Use this URL to cite or link to this record in EThOS: https://ethos.bl.uk/OrderDetails.do?uin=uk.bl.ethos.754735
Title: Development of a potential panel code for unsteady modelling of 2D airfoils in practical applications of large wind turbines
Author: Gonzalez Salcedo, Alvaro
ISNI:       0000 0004 7427 7555
Awarding Body: Imperial College London
Current Institution: Imperial College London
Date of Award: 2018
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Abstract:
The present work is an effort to improve airfoil modelling in wind energy applications, specifically for large wind turbine blades. A new model based on inviscid panel methods with a free vortex wake is proposed for the aerodynamic representation of deforming and moving airfoils in a wide range of operating conditions. Large rotors (above 5MW) operate in a challenging environment in terms of complex inflow conditions and dynamics of the wind turbine. The consequence for the blade sections is a significant variation of the local inflow, leading to unsteady conditions which can largely affect the loads. In order to consider this scenario, the proposed modelling strategy takes into account not only attached flow and static conditions, but also unsteady conditions with flow separation and dynamic stall, for which the present state of the art shows limitations. Some engineering concepts have been included in the formulation in order to account for the effect of the complex conditions. The present model has been implemented in an aerodynamic tool named AdaptFoil2D and an extensive validation has been carried out in order to assess the performance and the suitability of the new model. First, the results of AdaptFoil2D have been compared with experimental data of a cylinder in different flow regimes in order to validate the effect of the flow separation location. Later, static and dynamic experimental tests of the S809 and NACA0015 have been used in the validation of the model for attached and separated flow including dynamic stall. In addition, experimental tests for a NACA64418 with a TE flap have been also used in order to test the ability of the model to deal with changing geometries for active control purposes. Apart from the validation, practical investigations performed with AdaptFoil2D and related to TE flaps for load reduction have been included. The proposed model has demonstrated good performance in the estimation of the aerodynamic loads together with the reasonable computational cost associated to the inviscid approach in comparison to higher fidelity tools.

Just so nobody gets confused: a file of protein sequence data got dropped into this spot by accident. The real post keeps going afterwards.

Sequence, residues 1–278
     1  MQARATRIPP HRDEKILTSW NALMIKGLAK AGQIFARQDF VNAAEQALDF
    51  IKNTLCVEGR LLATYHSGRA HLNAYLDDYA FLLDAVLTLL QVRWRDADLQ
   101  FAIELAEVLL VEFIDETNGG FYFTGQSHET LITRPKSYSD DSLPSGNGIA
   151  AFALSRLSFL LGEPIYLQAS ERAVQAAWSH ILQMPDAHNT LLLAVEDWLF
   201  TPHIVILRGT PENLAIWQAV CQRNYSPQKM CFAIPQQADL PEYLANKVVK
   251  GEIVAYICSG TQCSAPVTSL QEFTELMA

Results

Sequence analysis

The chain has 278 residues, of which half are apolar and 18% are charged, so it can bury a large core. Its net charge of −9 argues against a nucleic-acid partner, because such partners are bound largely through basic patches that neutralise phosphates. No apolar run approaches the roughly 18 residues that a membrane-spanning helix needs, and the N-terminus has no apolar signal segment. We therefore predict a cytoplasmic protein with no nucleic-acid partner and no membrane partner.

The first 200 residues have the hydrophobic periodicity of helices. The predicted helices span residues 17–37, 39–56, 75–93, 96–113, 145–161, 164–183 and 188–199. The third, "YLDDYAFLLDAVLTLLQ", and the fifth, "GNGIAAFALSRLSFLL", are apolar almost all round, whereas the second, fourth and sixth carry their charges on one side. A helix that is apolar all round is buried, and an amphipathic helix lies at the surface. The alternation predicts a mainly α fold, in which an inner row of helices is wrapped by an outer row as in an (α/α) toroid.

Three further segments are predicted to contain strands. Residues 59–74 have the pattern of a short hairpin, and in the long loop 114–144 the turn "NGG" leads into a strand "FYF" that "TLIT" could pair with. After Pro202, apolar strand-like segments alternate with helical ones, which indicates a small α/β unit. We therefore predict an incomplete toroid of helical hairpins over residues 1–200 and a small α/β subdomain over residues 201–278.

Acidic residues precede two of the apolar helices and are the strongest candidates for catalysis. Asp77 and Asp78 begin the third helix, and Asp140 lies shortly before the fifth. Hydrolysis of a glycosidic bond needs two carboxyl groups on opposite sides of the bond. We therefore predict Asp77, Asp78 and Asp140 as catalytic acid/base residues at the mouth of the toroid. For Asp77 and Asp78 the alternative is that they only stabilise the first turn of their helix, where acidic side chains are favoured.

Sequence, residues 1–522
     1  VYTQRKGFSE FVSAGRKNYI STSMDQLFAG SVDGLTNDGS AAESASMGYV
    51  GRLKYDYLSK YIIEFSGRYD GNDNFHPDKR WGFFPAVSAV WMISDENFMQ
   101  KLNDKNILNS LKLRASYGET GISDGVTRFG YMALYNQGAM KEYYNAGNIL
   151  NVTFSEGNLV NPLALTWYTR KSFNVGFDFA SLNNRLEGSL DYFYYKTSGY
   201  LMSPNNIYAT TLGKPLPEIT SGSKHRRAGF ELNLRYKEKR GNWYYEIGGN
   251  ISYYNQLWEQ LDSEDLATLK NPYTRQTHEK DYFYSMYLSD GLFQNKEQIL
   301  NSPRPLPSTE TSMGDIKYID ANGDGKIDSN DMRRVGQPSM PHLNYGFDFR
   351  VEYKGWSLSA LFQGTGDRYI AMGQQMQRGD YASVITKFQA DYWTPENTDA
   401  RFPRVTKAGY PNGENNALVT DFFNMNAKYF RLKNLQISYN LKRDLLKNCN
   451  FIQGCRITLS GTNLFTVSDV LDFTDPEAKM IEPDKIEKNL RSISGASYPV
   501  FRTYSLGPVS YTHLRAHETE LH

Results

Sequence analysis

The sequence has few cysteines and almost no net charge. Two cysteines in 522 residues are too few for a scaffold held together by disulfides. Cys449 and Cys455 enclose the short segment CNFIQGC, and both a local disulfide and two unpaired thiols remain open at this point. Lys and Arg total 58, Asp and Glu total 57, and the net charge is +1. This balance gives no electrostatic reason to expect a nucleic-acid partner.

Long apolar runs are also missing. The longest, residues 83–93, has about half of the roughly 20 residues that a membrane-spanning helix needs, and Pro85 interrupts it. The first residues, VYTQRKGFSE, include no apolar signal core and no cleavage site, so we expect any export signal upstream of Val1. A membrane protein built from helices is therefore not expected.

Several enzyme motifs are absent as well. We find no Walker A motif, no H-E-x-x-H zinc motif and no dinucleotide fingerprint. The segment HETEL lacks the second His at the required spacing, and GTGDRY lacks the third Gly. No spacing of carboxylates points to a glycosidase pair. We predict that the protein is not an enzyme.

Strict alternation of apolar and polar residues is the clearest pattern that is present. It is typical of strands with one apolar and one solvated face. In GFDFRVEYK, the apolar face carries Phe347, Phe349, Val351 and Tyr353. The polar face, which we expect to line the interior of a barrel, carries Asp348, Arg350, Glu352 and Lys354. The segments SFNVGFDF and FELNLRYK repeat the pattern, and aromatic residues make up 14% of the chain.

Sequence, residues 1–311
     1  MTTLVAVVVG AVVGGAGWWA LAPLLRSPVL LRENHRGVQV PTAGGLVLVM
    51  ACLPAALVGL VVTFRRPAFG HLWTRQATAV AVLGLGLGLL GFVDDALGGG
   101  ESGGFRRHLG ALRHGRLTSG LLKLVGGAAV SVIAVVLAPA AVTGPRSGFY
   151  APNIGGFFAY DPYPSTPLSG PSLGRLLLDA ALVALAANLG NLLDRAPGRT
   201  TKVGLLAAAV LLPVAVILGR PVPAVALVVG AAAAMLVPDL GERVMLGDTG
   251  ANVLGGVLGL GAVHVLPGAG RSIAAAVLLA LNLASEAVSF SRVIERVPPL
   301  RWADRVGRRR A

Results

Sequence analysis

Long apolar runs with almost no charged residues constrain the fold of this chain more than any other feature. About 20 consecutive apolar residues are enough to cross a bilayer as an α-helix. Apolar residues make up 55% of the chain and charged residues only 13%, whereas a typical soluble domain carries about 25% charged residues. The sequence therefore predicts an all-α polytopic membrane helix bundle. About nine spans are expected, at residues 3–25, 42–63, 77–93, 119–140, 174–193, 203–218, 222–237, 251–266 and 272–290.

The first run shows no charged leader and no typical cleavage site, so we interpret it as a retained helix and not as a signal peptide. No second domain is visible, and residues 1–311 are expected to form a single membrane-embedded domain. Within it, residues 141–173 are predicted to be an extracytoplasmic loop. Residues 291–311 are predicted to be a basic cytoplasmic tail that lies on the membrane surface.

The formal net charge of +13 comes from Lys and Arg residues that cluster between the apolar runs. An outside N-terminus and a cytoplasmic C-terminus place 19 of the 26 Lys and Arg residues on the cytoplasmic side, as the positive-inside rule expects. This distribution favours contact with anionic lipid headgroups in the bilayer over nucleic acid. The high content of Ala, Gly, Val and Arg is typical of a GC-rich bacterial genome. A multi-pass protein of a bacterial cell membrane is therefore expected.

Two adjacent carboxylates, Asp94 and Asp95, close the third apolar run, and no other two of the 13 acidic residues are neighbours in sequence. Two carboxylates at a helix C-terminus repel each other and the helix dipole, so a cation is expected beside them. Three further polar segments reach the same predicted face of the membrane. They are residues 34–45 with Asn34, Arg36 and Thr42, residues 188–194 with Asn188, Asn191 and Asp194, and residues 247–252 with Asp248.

Supervisor: Palacios, Rafael ; Graham, Michael Sponsor: National Renewable Energy Centre
Qualification Name: Thesis (Ph.D.) Qualification Level: Doctoral
EThOS ID: uk.bl.ethos.754735  DOI:
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